Russia said on Friday Washington's new missile defence strategy would lead to a dangerous arms race in space and amounts to a relaunch of the Cold War-era "Star Wars" programme.
In a statement, the Russian Foreign Ministry described the US plan as confrontational and said it would deal a blow to already-fragile international stability.
"We are especially alarmed by the passages dealing with plans to develop the space arm of US missile defence," the statement said. "The strategy de facto gives the green light to the prospect of basing missile strike capabilities in space."
US President Donald Trump on Thursday unveiled a plan that called for developing space-based sensors to detect incoming enemy missiles and exploring space-based weapons to shoot down missiles, among other steps to shield the United States.
"The implementation of these ideas will inevitably lead to the start of an arms race in space, which will have the most negative consequences for international security and stability," the Russian Foreign Ministry said.
"We would like to call on the US administration to think again and walk away from this irresponsible attempt to re-launch, on a new and more high-tech basis, the still-remembered Reagan-era 'Star Wars' programme," the statement said.
The ministry urged Washington to engage with Russia in constructive talks about the nuclear arms balance "before it's too late."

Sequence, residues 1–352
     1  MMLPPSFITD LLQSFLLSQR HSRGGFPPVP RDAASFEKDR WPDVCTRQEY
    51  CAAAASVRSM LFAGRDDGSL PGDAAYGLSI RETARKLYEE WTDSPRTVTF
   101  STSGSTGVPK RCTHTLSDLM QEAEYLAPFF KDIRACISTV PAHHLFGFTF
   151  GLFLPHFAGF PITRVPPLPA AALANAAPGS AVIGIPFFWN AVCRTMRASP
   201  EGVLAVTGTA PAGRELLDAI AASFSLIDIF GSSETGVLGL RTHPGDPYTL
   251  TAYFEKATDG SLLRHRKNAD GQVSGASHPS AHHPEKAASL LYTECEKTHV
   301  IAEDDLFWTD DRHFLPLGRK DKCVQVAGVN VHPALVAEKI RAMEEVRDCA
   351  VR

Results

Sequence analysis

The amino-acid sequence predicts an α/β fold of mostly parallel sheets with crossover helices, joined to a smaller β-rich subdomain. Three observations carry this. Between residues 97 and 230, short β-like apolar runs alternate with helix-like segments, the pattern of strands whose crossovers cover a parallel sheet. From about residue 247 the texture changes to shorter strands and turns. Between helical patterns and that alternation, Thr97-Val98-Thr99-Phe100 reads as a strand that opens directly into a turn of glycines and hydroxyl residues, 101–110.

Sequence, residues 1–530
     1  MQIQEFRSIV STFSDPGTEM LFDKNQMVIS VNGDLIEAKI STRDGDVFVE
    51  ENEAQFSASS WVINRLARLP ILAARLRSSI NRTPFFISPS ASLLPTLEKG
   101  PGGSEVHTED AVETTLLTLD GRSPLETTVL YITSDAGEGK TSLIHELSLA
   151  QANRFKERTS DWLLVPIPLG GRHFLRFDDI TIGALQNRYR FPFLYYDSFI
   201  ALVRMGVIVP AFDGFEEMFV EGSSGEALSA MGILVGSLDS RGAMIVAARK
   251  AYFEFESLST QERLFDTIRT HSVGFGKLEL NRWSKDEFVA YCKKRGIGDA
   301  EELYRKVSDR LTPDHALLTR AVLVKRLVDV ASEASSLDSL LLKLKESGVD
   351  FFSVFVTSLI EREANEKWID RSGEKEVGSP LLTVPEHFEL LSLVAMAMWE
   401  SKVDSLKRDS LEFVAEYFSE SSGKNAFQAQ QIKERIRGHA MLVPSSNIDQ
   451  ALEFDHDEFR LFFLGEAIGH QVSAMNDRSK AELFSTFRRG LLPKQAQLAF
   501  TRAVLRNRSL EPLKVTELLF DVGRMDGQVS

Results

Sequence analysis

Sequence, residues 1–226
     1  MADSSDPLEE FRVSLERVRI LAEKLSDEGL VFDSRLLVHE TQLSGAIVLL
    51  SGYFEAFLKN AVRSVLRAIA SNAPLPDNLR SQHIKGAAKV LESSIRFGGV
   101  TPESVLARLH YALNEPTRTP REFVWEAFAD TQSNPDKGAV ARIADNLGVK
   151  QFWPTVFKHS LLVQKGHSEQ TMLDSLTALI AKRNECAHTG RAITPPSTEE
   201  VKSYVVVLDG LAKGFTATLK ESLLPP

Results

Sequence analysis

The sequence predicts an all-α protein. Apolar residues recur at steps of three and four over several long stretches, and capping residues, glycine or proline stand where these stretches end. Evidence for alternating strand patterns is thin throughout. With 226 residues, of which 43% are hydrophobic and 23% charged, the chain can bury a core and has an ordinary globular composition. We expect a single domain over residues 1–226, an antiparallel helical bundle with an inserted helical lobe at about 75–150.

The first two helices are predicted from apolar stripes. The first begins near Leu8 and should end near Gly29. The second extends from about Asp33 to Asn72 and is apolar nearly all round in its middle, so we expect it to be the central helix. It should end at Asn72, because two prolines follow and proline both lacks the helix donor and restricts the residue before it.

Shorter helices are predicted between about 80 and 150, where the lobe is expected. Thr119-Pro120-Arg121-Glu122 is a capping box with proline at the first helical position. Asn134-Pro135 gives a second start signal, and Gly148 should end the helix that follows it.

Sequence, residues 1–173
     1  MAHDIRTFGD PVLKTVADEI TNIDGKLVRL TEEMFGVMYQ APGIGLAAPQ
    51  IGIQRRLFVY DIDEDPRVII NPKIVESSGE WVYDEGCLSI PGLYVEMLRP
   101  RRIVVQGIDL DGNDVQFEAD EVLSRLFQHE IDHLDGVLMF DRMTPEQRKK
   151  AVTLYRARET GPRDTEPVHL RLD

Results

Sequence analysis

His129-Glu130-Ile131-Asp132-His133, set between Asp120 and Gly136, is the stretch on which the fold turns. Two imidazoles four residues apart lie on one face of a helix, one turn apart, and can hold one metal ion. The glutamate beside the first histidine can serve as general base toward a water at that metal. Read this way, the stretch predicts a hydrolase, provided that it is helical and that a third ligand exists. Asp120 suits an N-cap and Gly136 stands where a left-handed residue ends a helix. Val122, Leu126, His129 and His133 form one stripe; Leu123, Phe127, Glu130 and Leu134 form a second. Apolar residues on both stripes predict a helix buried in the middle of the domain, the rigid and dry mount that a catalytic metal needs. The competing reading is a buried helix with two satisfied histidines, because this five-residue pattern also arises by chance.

'An extremely dangerous situation'
Meanwhile, the head of the Nobel Prize-winning International Campaign to Abolish Nuclear Weapons (ICAN) said the world needs to "stop being passive" while the US and Russia decide whether to let a crucial nuclear arms control treaty collapse.
Beatrice Fihn, who leads ICAN, described the potential failure of the pact as "an extremely dangerous situation."
The United States and Russia agreed to the Intermediate-Range Nuclear Forces Treaty in 1987.
But last month Washington gave Russia a 60-day deadline – which ends on February 2 – to dismantle missiles that it claims breach the INF treaty or the US would begin the six-month process of formally withdrawing from the deal.
"If this treaty falls apart and the US withdraws ... then both these countries are free to put in place these intermediate missiles on the borders of Europe," Fihn said in an interview on Thursday.
Rest of world 'left on sidelines'
She told AFP that the rest of the world had been "left on the sidelines just watching [US President Donald Trump and Russian President Vladimir Putin] and their egos" decide the fate of the vitally important treaty.
Russia denies it has violated the treaty, which forbids ground-launched short- and intermediate-range missiles.
Russian Foreign Minister Sergey Lavrov has said Moscow is ready to work with Washington to save the agreement after bilateral talks in Geneva on the INF this week failed to resolve the impasse.